Sweeping Hardware Out Of The Data Center8:00 AM EST Thu. Dec. 20, 2012
While it will take years, if not decades, to remove all the hardware from a corporate data center and manage a business on an Infrastructure-as-a-Service basis, some businesses are already making the move.
Companies at the leading edge of this evolution are often startups that have an intrinsic advantage: They are new companies that have yet to build their own IT infrastructure.
Such a move, often at the urging of venture capital investors, helps those companies reduce or eliminate capital spending on IT and use the money instead to invest in developing the core business.
Getting startups to move their IT infrastructures completely to the cloud is becoming more common, said Barry Eggers, managing director at Lightspeed Venture Partners, a Menlo Park, Calif.-based venture capital investment firm.
"With cloud-based compute and storage technology in the cloud getting better and faster, it is becoming easier to move all operations to the cloud," Eggers said.
However, because of performance considerations, the cloud is not for everybody, he said. "If you are running an application with high-performance or low-latency requirements, you won't put it in the cloud to start," Eggers said. "But a startup doesn't always have these needs. And they can purchase modules from Amazon to increase performance if needed, or buy a bigger link for bandwidth."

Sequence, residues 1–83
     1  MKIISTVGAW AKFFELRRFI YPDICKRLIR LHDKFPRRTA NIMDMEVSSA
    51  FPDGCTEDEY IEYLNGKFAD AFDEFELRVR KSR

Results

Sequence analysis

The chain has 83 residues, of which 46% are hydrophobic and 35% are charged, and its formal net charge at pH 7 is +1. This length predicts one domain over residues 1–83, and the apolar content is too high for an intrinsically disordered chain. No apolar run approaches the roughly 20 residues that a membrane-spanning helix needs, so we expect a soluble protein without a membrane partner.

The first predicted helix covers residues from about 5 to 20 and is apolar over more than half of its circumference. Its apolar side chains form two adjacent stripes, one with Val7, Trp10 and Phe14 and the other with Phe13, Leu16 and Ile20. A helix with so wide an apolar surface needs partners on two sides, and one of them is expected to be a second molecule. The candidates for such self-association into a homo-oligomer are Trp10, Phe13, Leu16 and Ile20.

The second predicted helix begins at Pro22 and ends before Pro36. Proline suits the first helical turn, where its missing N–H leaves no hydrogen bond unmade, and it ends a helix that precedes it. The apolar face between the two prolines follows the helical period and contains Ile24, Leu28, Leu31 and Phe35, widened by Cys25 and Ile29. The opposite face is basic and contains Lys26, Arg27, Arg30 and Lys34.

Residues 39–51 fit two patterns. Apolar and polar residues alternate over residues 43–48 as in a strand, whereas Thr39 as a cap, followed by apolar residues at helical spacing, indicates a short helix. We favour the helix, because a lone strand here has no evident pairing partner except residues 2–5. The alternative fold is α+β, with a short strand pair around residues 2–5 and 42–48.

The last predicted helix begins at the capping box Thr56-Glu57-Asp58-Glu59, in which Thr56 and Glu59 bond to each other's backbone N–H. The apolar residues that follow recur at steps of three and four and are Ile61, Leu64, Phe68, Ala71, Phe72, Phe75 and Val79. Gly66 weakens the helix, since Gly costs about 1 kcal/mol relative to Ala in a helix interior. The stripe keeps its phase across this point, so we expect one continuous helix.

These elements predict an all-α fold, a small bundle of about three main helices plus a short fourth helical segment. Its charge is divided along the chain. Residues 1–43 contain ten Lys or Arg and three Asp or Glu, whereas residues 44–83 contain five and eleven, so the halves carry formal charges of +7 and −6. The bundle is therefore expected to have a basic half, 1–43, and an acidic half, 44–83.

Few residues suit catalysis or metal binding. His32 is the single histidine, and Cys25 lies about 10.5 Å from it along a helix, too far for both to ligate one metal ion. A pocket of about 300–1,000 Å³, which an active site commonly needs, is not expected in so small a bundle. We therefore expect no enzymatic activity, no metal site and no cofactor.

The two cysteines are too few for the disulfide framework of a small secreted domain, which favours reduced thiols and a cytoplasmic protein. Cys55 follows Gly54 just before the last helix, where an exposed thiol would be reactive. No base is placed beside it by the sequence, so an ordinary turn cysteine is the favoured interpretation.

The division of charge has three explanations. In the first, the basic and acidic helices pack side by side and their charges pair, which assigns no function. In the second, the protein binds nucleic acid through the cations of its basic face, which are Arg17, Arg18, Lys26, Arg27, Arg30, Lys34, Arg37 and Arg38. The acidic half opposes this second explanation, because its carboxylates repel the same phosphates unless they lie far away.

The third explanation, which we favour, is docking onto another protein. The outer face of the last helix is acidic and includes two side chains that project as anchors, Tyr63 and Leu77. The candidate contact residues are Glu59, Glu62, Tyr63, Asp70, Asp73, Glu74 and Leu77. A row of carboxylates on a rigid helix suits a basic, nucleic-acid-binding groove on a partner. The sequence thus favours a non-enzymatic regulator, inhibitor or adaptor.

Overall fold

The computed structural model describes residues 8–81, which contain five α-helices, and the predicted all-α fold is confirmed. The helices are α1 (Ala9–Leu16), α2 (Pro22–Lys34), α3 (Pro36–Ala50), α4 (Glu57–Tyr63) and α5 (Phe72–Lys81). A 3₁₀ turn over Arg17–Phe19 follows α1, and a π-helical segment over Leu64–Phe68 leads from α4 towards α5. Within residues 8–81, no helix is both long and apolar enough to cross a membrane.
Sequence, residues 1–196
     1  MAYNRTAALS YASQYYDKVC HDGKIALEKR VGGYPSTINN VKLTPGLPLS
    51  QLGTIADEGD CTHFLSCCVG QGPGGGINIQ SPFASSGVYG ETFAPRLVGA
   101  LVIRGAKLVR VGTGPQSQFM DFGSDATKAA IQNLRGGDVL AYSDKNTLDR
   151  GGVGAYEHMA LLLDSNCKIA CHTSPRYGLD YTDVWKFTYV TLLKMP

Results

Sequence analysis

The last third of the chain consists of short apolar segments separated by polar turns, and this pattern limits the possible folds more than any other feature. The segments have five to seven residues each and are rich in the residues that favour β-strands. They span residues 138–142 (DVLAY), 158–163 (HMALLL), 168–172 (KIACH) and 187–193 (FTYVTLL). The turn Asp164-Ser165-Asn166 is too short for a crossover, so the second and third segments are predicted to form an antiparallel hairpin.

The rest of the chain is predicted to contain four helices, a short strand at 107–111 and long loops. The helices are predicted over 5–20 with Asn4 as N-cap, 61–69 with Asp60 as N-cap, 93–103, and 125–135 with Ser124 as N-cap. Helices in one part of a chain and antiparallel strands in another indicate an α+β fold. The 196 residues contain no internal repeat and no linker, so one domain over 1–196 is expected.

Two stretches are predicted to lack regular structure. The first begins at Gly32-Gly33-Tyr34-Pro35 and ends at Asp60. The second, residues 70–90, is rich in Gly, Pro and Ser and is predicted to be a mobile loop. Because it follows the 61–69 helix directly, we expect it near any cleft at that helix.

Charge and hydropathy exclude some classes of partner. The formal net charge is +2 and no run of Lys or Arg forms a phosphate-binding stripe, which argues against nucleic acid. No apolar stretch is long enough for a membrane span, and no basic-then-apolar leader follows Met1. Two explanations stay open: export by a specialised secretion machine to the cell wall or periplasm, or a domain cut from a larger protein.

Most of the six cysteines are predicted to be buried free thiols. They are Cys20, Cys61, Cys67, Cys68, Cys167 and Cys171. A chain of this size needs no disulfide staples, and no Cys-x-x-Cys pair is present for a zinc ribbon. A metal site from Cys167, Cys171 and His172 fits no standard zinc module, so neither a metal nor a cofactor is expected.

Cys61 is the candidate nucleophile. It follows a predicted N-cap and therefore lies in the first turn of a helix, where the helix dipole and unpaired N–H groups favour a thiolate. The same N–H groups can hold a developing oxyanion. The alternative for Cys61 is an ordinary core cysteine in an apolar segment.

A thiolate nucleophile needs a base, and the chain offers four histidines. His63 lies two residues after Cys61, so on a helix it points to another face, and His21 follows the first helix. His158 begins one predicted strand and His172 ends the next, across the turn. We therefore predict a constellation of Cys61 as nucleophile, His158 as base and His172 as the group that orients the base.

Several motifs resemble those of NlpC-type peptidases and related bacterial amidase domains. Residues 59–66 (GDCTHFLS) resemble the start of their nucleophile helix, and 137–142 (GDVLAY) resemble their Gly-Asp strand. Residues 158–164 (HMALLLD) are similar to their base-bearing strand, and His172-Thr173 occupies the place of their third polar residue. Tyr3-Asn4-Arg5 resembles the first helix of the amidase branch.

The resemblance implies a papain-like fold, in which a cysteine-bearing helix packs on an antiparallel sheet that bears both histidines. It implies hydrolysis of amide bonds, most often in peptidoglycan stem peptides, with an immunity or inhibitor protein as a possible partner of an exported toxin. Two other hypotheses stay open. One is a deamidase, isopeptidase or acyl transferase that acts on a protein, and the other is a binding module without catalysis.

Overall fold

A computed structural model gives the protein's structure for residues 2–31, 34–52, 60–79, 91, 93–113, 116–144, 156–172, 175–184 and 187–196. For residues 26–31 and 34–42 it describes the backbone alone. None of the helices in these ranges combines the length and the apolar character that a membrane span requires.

The next five to 10 years will see more interest in moving IT infrastructures to the cloud, especially where the cost of operations outweighs the need for performance, Eggers said.
"The cloud turns fixed costs into variable costs, and startups don't know how fast they will grow," he said. "And over time, we'll see more and more established companies move to the cloud. But not companies like big banks, which count their infrastructure as a strategic asset."
Jim Linfield, a partner at Cooley LLP, a law firm that works with several venture capital-backed companies, said many companies at the angel investment stage are completely virtual until they get to the point at which they start receiving venture capital funding.
At that point, they will usually get their own office, if not their own IT infrastructure, Linfield said.
"In general, the venture capitalists are very focused on capital-efficient business models," he said. "The ability to procure things as a service is very attractive, if something can indeed be acquired as a service. This goes beyond IT into all areas of an investment."
Venture capitalists first realized the importance of pushing their portfolio companies toward building their IT infrastructure in the cloud and away from purchasing their own equipment and licenses back when the dot-com business hit its first snag, said Todd Krautkremer, vice president of marketing for Pertino, a startup developer of cloud-based virtual networks.
"When the dot-com bubble burst, there were warehouses full of computers, telephone systems and other equipment, as well as fallow software licenses, stacked right next to the piles of desk and chairs," he said. "I suspect more than one VC looked around and said there has to be a better way to utilize capital."